"He's a strong guy and he can really skate, too," Hunter said. "When you put that combination together, and he has the will to go to the net, no fear. It's one thing to be strong and skate, but if you have fear of going to the net, it doesn't do you any good. But he does go to the net hard."

Tallon said there's another step for Noel to take but is confident he'll get there.

"We're excited about his future," he said. "He's a work in progress, but we're happy. We like the way he's a dedicated kid. He'll find a way."

 
No update on Lindbom

Sweden goalie Olof Lindbom (New York Rangers) was removed from a 6-0 loss to the United States after the second period as a precaution, coach Tomas Monten said. 

Lindbom, who made 20 saves on 23 shots, was knocked to the ice in a collision in front of his goal with 1:47 remaining in the second. The hit knocked Lindbom's mask off. 

"We'll look at it tomorrow," Monten said. "Our doctor wanted to be sure, so we took him off."

Injuries, including a concussion, limited Lindbom to eight games with Djurgarden IF J20 in Sweden's SuperElit last season. That history went into the decision to remove him from Wednesday's game.

Lindbom is the second Rangers prospect with Sweden to be injured. Defenseman Nils Lundkvist has not played since sustaining a lower-body injury on Saturday.

 
Zegras comfortable playing multiple positions

In four games at the WJSS, Trevor Zegras (Anaheim Ducks) has bounced between center and left wing and played with a number of different linemates. In the United States 6-0 win against Sweden, he played left wing and scored a goal off a set up by Jacob Pivonka and Parker Ford.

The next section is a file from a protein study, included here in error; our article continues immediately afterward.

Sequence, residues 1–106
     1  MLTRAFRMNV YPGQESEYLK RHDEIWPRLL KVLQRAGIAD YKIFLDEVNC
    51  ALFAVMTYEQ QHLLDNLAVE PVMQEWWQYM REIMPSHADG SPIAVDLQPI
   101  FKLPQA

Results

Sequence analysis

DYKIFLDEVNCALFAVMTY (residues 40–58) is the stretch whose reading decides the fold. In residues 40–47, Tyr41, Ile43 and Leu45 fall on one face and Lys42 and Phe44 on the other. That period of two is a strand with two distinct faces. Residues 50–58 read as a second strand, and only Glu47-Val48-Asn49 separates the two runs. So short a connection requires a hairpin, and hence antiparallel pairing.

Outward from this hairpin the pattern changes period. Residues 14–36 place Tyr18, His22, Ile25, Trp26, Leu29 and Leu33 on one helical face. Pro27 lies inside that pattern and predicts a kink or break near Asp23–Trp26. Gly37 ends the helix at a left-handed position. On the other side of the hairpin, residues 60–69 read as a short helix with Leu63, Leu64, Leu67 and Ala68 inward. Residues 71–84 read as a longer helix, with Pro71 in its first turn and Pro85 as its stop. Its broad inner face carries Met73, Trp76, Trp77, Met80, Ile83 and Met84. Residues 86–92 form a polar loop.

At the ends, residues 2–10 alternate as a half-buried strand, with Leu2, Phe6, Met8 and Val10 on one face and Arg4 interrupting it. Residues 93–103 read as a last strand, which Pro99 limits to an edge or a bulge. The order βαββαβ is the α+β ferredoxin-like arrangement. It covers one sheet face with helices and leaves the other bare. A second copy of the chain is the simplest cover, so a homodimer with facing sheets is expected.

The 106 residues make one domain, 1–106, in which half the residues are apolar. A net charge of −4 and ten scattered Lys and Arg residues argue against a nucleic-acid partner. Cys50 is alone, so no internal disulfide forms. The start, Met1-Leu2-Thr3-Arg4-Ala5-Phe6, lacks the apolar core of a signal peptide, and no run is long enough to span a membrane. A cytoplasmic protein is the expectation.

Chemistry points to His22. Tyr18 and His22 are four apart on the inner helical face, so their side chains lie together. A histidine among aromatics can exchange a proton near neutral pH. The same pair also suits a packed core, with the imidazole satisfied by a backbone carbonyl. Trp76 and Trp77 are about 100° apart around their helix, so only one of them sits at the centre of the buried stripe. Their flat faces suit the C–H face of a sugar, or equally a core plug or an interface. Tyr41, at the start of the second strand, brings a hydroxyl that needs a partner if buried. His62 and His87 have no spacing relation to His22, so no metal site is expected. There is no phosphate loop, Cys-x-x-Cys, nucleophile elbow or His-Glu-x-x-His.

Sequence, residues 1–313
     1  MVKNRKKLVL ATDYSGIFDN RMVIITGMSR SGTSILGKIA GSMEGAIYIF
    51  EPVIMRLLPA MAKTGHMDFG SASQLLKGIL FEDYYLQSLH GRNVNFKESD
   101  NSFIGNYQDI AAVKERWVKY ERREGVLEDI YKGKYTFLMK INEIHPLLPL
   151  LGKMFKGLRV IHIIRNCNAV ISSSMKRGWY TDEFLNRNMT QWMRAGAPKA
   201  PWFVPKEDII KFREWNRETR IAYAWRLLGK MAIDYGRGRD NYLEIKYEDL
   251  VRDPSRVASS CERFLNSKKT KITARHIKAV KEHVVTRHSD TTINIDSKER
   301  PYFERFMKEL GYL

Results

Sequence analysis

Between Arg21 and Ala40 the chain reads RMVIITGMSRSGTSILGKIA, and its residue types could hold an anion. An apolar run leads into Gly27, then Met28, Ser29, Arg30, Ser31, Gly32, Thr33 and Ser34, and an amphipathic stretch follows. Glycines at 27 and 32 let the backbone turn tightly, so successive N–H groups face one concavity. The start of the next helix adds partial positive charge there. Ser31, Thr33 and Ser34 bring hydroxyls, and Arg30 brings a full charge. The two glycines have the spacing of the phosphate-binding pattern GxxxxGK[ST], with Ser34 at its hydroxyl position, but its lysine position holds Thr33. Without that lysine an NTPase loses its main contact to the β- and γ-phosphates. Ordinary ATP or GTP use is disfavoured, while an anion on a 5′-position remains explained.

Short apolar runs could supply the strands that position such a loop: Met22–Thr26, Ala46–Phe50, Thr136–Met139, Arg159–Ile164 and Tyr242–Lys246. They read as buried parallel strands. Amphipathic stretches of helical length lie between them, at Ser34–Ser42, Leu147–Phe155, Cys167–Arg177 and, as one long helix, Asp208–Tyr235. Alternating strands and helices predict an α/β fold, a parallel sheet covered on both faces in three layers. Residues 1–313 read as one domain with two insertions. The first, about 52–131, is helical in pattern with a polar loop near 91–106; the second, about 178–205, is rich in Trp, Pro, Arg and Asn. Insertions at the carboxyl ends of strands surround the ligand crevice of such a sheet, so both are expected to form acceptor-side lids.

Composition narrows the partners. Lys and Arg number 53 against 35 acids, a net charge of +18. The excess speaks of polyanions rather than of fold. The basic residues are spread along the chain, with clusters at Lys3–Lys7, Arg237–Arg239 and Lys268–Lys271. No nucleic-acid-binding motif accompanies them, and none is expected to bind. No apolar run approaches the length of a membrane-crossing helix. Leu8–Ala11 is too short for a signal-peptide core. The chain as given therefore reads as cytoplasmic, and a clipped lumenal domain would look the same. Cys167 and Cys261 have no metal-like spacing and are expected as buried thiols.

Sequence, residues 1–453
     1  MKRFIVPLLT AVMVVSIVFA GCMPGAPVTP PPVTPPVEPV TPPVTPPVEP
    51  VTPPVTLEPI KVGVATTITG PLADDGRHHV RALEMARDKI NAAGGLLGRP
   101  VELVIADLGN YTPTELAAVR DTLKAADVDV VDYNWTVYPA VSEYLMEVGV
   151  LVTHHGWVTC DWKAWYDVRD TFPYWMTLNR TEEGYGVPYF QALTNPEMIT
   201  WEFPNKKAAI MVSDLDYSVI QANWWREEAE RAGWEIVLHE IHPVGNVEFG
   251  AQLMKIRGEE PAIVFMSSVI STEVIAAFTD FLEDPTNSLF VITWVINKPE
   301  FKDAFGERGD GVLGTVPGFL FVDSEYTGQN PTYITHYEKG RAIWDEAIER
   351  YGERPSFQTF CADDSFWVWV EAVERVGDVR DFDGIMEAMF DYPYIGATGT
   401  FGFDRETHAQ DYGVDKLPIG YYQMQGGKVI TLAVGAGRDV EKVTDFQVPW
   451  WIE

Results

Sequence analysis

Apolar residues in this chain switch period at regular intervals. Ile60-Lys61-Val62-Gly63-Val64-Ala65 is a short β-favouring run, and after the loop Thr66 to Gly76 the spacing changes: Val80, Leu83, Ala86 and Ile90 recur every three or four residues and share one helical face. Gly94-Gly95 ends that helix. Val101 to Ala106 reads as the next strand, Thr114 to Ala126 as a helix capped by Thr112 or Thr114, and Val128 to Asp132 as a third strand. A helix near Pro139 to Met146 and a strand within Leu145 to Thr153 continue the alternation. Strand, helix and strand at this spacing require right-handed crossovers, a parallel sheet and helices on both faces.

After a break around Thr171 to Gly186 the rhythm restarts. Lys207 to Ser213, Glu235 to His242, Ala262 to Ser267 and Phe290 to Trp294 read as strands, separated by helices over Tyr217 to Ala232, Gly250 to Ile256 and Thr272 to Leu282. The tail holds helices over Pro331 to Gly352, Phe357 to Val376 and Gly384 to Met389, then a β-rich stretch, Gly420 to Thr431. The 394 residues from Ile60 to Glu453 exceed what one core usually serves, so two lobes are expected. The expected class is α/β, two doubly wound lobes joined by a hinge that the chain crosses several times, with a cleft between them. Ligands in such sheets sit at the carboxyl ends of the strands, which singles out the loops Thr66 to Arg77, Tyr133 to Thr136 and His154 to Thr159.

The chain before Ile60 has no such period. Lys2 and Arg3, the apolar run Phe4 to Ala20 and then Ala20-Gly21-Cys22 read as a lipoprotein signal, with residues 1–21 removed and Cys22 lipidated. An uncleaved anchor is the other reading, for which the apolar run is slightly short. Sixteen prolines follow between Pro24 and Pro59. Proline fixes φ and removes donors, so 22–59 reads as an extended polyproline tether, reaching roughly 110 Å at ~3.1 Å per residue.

Tweet from @StarsStripesHKY: Nice work behind the cage from Parker Ford and Jacob Pivonka and that results in a Trevor Zegras snipe. Zegras does a great job finding the soft spot and Pivonka gets him the puck #WJSS #LetsGoDucks #Isles #NTDP pic.twitter.com/z1zI7xBgna

"I would prefer center because I think I can be really good in the defensive zone," Zegras said. "But I think we have some really good lines where I could play wing, too, pretty seamlessly."

United States coach Scott Sandelin is still experimenting with lines, which means Zegras will continue to move around the lineup.

"He's shown signs on the wing, he had a good game," Sandelin said. "Center is a little more comfortable. But we'll keep experimenting and see where he might end up."

Zegras went through a similar situation last season with the USA Hockey National Team Development Program Under-18 team, where he had 87 points (26 goals, 61 assists) in 60 games alternating forward spots.

The 18-year-old forward is confident he can play center in the NHL but understands being versatile could help him get there faster.

"I think I can be a really good center one day," Zegras said. "But I think it's nice to have a guy you can put on the wing late in games in different situations. I think it's good to know all positions on the ice. I think it can only help me."

View More

The NHL uses cookies, web beacons, and other similar technologies. By using NHL websites or other online services, you consent to the practices described in our Privacy Policy and Terms of Service, including our Cookie Policy.